Heart River students, parents enjoy hands-on STEM activities

Kindergartner David Graves attaches the last straw to his structure during Heart River Elementary's Title I STEM night, Monday. (Kayla Henson / The Dickinson Press)

Kindergartner David Graves reached his final straw — a blue one.

David was building a structure using straws and 3D-printed connectors during Heart River Elementary School's Title I STEM night "Gateway to Science" event.

As he inserted the green connector into one end of the blue straw, his father watched him, holding the coffee filter parachute David had made earlier. Next to David, his younger sister Violet watched a teacher attach a connector to her straw structure.

The teacher had told them when they first arrived to the station, "You get to build things in here! You can build a house. You can build a skyscraper. What do you think you might want to build?"

David built a box.


Gary and Vanessa Graves, David and Violet's parents, brought them to the David's school for the event for the learning aspect of it. Violet will attend the school next year, and Gary said they wanted to give her a head start.

"He loves learning. He loves taking stuff apart and putting it back together, so the brain teaser challenge, he was figuring some stuff out. All together, it was fun," Gary said.

Principal Susan Cook said Heart River's Title I nights have traditionally focused on literacy.

"We try to tie it to literacy and to some of the standards that we have in reading," she said. "Last year, at the end of the year, we had our title coordinators do a parent survey, and the parents’ responses came back as science being an interest to them. We took that into consideration and decided that we would look into this."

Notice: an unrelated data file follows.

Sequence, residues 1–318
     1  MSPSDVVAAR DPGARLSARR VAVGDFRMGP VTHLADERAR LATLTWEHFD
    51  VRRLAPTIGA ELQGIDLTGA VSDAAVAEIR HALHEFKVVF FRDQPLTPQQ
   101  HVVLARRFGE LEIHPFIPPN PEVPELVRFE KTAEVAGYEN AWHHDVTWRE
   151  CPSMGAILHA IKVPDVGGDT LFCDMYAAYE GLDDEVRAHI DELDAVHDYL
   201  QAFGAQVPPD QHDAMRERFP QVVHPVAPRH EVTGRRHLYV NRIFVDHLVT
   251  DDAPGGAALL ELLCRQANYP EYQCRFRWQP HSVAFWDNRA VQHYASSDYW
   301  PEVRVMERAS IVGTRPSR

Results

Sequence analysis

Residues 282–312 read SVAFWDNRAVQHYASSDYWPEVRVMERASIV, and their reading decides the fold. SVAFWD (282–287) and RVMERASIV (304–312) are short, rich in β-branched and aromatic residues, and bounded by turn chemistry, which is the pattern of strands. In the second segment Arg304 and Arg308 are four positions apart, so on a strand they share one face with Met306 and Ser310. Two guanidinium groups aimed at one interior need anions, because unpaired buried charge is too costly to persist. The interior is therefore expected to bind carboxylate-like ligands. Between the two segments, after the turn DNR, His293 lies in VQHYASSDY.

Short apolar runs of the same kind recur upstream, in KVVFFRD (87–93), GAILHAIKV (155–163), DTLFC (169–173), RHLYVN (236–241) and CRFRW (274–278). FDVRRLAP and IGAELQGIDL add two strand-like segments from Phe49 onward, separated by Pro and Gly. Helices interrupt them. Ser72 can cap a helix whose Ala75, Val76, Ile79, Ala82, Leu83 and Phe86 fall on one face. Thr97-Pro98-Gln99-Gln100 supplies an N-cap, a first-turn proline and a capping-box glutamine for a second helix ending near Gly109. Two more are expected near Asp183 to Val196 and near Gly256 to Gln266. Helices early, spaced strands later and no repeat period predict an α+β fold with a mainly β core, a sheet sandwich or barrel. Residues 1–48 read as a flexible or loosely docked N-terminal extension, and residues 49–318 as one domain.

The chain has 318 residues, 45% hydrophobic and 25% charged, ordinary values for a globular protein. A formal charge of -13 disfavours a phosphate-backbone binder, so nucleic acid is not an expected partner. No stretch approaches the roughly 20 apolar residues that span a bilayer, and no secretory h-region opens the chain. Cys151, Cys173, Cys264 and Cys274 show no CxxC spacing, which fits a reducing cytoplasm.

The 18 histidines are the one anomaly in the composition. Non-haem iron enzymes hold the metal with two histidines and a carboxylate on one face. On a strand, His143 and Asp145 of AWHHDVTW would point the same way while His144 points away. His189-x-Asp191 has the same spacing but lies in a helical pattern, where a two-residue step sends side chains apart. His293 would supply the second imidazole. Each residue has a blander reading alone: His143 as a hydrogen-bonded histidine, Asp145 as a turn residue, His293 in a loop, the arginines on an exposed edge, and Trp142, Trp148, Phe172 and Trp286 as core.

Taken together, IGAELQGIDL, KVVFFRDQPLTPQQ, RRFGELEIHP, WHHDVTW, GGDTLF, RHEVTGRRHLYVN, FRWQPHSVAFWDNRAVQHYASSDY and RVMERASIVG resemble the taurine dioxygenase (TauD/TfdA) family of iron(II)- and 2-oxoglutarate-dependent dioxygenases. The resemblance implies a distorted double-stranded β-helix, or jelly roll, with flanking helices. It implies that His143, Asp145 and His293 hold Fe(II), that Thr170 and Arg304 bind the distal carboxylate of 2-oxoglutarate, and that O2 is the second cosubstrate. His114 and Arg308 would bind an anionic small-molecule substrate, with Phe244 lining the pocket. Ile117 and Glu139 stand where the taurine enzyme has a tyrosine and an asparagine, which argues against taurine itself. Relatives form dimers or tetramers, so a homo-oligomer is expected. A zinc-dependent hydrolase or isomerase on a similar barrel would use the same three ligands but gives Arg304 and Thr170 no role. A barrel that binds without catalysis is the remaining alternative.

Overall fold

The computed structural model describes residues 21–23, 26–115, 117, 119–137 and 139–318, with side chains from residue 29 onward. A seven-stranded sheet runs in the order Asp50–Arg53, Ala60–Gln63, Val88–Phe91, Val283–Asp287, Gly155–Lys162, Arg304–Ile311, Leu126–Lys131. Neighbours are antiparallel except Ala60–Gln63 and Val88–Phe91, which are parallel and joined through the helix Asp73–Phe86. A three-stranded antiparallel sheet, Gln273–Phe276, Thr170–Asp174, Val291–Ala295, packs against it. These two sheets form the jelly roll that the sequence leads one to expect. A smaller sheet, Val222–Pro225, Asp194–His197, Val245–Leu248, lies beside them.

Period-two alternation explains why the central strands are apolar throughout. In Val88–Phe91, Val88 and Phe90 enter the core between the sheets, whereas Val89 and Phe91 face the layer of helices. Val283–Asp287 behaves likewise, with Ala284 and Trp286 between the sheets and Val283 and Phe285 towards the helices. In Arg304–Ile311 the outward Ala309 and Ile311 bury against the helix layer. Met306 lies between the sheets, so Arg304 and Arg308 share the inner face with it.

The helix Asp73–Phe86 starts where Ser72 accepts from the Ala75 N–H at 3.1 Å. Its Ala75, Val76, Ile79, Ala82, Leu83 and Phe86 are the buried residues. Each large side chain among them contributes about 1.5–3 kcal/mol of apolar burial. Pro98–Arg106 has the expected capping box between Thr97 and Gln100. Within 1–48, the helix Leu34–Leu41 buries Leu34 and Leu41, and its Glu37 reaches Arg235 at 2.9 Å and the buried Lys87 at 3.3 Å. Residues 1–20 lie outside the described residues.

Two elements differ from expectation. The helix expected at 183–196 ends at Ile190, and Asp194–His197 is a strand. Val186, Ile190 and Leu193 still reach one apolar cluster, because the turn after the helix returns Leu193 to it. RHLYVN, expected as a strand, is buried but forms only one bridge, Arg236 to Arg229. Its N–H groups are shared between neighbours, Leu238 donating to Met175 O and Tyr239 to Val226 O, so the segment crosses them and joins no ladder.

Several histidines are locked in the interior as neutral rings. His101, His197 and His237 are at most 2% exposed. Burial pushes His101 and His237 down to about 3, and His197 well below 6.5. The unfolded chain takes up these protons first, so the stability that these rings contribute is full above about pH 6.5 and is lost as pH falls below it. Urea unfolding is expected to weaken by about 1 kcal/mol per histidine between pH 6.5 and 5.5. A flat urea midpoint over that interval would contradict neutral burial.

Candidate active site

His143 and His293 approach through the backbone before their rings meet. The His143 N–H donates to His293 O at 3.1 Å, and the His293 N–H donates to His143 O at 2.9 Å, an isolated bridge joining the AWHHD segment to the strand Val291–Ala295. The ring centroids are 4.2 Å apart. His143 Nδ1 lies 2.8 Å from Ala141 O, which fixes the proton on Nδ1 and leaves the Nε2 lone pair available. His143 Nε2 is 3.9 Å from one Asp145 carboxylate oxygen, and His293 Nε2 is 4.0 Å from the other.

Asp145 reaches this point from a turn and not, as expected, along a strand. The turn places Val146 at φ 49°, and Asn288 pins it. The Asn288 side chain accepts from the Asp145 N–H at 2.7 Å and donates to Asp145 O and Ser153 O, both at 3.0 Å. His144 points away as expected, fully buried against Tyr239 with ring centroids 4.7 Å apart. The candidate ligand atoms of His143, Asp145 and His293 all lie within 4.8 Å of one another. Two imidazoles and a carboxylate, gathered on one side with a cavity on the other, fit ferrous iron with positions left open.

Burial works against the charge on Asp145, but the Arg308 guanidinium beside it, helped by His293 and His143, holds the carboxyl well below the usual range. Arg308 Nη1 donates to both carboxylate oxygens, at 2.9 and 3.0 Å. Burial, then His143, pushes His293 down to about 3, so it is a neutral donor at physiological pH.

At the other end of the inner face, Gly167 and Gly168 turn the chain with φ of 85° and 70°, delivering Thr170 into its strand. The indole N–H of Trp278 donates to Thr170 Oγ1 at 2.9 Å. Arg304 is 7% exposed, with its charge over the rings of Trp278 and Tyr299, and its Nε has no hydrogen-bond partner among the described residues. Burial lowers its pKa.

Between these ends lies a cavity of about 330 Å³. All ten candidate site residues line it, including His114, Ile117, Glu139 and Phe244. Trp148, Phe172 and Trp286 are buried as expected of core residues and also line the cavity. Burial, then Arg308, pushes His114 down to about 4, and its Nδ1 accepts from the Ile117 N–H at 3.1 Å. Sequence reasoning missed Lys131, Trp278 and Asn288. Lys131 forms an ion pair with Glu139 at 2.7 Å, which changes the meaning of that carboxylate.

Each year, the school does a different activity for the night. Last year, they facilitated bingo. The year before, they watched the movie “Coco.”

The night was organized by Janet Rosario, the STEM outreach director for Gateway to Science's statewide STEMzone program. She brings a van full of materials for the stations to the schools that sign up.

"All of the activities entail a STEM career, so science, technology, engineering and math," Rosario said. "We have different activities (to) try to bring a range of STEM-related activities. Along with all of the activities, I have signage that shows kids different career options … to tie a career to an activity."

The activities Rosario brought to Heart River included making and dropping parachutes, making and launching rockets, constructing buildings out of straws and drawing with a Spirograph.


The "construct a building" station, in which students can use Lego-like pieces to build a structure, is new and in beta testing now.

Cook thinks Legos helped spark her children's interest in STEM.

"My oldest son is in aerospace and then my second son is an aquatic biologist, and I really believe that a lot of their fascination and their intrigue came from Legos," she said. "I bought a tub of Legos one time at a garage sale. The lady just wanted to get rid of them ... Hours would pass and those kids would be just engrossed in that."

The program is open to all schools for a fee, and the organization offers grants to help bring the program to their schools.

Related Topics: EDUCATION
Kayla Henson is a former Dickinson Press reporter.
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